One year after my last show at Tumalo Art Co. in Bend, Oregon, I am opening another exhibit there with paintings of the water I looked deeply into during a summer visiting rivers and lakes in Oregon. Last year Tumalo Art Co. was actually closed during April and May, but I had my show on the walls anyway. So this year, having survived one of the most difficult years our country has ever experienced, it is a positive milestone to mount a show again in April with a grouping of paintings that represent breaking through to new territory in my work.
These paintings have taken me further along the path of depicting the patterns water over stone. Water—as it flows over rocks of varied colors and sizes. The reflections shimmering on the surface. I am mesmerized by the both the design complexity and simplicity of these waters. The yin and yang. The song. The dance. Above and below. Creating abstraction through composition, slightly losing context, is challenging and thrilling to me. To render the scene my marks remain impressionistic but fairly representational.
Several of the places I visited in the summer and fall of 2020 were visited by catastrophic wildfire, all in one weekend in September. As a life-long Oregonian these watersheds are dear to me, so having been able to be at these places just weeks before is even more precious. The upper South Santiam river, which I have now painted many times, was spared, while the North Santiam watershed bore huge losses. The geology of the area, giving the creek and river beds a mosaic of multi-colored stones is marvelous to me. We discovered Soda Creek on a warm July day. A hidden gem down a logging road. The gentle undulations of water-grooved peach-colored sandstone with water turning the color of celadon as it flowed over took my breath away.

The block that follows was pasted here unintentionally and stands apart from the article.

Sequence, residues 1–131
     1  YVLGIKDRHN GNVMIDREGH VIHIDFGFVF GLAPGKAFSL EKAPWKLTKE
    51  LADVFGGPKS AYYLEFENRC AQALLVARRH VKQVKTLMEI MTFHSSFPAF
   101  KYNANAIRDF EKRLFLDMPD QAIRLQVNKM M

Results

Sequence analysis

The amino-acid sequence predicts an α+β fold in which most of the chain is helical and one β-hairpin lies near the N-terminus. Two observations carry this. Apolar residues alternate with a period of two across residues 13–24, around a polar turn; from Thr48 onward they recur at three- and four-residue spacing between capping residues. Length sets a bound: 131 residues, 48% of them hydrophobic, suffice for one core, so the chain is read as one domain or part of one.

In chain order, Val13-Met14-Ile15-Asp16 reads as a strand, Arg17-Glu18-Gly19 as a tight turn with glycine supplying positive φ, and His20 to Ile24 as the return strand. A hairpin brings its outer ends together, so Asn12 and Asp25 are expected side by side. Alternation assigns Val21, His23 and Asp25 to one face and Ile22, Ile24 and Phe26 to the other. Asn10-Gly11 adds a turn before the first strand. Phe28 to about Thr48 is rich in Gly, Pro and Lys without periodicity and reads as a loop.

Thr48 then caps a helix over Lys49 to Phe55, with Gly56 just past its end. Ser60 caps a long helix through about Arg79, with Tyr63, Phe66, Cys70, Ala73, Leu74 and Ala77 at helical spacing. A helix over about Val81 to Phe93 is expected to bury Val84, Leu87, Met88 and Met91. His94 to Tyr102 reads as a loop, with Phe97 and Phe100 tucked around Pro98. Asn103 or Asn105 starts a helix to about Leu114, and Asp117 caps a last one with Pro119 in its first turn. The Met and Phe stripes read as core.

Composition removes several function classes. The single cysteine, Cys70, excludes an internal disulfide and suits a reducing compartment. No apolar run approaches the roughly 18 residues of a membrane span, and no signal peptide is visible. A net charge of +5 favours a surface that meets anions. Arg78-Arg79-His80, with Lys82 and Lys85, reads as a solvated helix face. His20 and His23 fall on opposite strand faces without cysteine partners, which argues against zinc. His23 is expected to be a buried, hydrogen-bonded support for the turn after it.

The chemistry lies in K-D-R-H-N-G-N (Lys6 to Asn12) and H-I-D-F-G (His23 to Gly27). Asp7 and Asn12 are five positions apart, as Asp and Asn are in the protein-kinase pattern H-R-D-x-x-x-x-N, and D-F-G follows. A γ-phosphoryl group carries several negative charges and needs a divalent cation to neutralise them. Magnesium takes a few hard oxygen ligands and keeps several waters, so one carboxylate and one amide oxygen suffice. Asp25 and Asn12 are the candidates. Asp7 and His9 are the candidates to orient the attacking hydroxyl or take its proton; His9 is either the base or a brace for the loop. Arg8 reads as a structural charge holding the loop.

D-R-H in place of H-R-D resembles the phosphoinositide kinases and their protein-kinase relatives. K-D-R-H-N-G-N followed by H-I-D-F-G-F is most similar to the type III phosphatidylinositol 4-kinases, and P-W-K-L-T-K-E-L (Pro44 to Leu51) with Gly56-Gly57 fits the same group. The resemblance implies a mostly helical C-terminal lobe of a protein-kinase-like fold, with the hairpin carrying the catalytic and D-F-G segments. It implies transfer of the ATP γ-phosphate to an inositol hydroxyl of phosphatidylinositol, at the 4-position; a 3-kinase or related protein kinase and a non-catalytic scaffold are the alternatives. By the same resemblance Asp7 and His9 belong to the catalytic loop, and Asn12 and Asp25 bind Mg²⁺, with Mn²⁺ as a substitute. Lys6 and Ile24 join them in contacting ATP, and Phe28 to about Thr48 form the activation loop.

It took me awhile to figure out how to approach painting these places. Finally I came up with the compositions I wanted to bring to life— from the South Santiam, Umpqua River, Odell Lake, and another crystalline stream, Jamison Creek in the Sierras.
“Water Over Stone” opens April 2 from 4-7pm at Tumalo Art Co. in Bend Oregon’s Old Mill District with a Covid-safe reception and continues through the month.
Susan Luckey Higdon and Tracy Leagjeld team up for a stunning show at Tumalo Art Co in Bend Oregon’s Old Mill District, featuring their new work of lakes, mountains and streams in Oregon’s high Cascade mountains. Both artists love exploring and sketching or painting in the outdoors are drawn to many of the same places. Their color sense and desire to paint loosely and of their impressions of a scene are similar.
Tracy and Susan had admired each others artwork for some time before finally meeting while hiding in a hallway during an fund-raiser where both of their art was being auctioned. They became friends and were part of an art mentoring group, which eventually led to partnering as owners of Tumalo Art Co. in Bend, Oregon. The idea of doing this show together came to them during a camping trip in the Cascade mountains last fall. There weather was wet, but they still went to their favorite places at Sparks and Hosmer and other lakes, and the Deschutes River.